|A dairy product that may be produced from the milk of a variety of different animals, such as cows, goats, sheep, buffalo, camels, and other animals capable of providing milk. Made from whole, low-fat, or nonfat milk that is fermented with bacterial cultures, the bacteria in Yogurt allows the milk to congeal, giving it a thick, creamy texture. The flavor is slightly acidic and it is often blended with natural fruit flavors or pieces of fruit to enhance the flavor. Yogurt is high in protein and calcium along with many B vitamins, but not all Yogurts are equally healthy nor contain the same levels of nutrients. The Yogurts containing live active cultures are considered the most beneficial for health purposes, with medical experts supporting theories that this type of Yogurt assists with digestion, boosts immunities, helps fight infections, and aids in fighting cancer. Also available in a frozen form, Yogurt can be served just like ice cream, but is considered a much healthier alternative to ice cream.|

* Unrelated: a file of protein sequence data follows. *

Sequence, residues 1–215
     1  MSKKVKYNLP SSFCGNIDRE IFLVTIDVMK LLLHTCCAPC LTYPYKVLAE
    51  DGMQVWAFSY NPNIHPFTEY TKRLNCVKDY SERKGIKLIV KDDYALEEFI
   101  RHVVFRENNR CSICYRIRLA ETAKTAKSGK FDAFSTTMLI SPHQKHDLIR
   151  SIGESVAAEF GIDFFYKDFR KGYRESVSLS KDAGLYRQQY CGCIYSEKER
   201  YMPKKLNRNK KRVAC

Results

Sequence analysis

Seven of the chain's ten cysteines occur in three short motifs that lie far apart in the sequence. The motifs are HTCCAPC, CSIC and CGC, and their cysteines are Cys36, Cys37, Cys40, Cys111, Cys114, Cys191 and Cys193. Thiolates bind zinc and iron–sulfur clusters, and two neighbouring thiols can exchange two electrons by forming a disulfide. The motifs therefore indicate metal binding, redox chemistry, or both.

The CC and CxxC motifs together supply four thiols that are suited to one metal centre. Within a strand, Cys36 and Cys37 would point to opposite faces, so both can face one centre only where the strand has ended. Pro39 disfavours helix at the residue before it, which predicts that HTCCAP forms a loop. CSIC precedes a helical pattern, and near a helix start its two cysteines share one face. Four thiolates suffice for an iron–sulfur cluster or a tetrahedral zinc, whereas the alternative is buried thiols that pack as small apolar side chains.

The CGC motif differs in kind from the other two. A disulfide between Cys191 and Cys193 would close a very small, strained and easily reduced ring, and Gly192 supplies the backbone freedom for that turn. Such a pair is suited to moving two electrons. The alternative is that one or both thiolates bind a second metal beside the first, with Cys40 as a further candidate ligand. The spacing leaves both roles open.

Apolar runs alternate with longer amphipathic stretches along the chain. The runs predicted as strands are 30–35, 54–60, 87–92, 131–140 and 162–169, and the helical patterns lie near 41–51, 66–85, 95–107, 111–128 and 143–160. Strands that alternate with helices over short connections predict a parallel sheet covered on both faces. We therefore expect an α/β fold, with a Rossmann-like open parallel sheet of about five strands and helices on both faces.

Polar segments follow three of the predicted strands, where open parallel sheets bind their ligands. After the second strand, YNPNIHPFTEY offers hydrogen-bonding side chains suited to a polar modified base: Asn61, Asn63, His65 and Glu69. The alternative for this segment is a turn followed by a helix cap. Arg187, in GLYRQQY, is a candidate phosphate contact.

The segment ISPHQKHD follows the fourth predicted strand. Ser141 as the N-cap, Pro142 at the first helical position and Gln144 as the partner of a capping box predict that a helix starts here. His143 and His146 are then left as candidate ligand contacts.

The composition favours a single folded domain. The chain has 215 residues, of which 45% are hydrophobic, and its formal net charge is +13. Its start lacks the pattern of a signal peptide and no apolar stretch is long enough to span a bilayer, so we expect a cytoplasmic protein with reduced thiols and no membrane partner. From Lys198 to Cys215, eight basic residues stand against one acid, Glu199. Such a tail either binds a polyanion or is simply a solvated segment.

Some of the common terms used to describe Yogurt include traditional Yogurt, live Yogurt, stirred Yogurt, set Yogurt, and Greek Yogurt. Traditional Yogurt is made with the common lactobacillus bulgaricus and streptococcus thermophilus cultures, providing a slightly tangy taste to a gelatin-like substance. Live Yogurt is a product that has living cultures and has not undergone a heat treatment to eliminate the bacterial culture within the Yogurt. Stirred Yogurt is a product that is fermented prior to packaging. The milk is placed in holding tanks with cultures added. It is heated and stirred for several hours while it begins fermentation. The stirred Yogurt is then cooled and filtered, resulting in a smoother, more liquid form of Yogurt. Set Yogurt is a firmer form of Yogurt that has had cultures added to the milk as it is packaged, prior to fermentation so it begins to "set up" and thicken while the Yogurt is in the the package. Greek Yogurt is a form that is made with cream and milk, after the whey has been removed and culture has been added. This results in a thicker textured Yogurt. Other terms often used for labeling Yogurt products include whipped Yogurt, low-carb Yogurt, liquid Yogurt or Yogurt drinks, and tube Yogurt. It is best to compare labels when buying Yogurt to attempt to determine how healthy the contents actually are for consumption. Many whipped Yogurts or Yogurt custards achieve a light, airy or smooth texture by adding increased amounts of air and using less Yogurt in the process, resulting in less protein and other nutrients per serving. Low-carbohydrate Yogurts may not actually be Yogurt but instead contain higher levels of water and lower amounts of milk and nutrient content, which is typical of Yogurts labeled as cultured diary products or cultured dairy snacks. Beverage Yogurts are thinner in consistency which is achieved by reducing the amount of Yogurt by mixing in water, milk and possibly fruit juices to create the Yogurt drink. Again, nutrients may be sacrificed in order to create a desired texture or product objective. Tubes of Yogurt, which provide convenience when offering snacks for children do offer some nutrition value, but again, it is wise to check the label to determine if the ingredients meet the needs desired.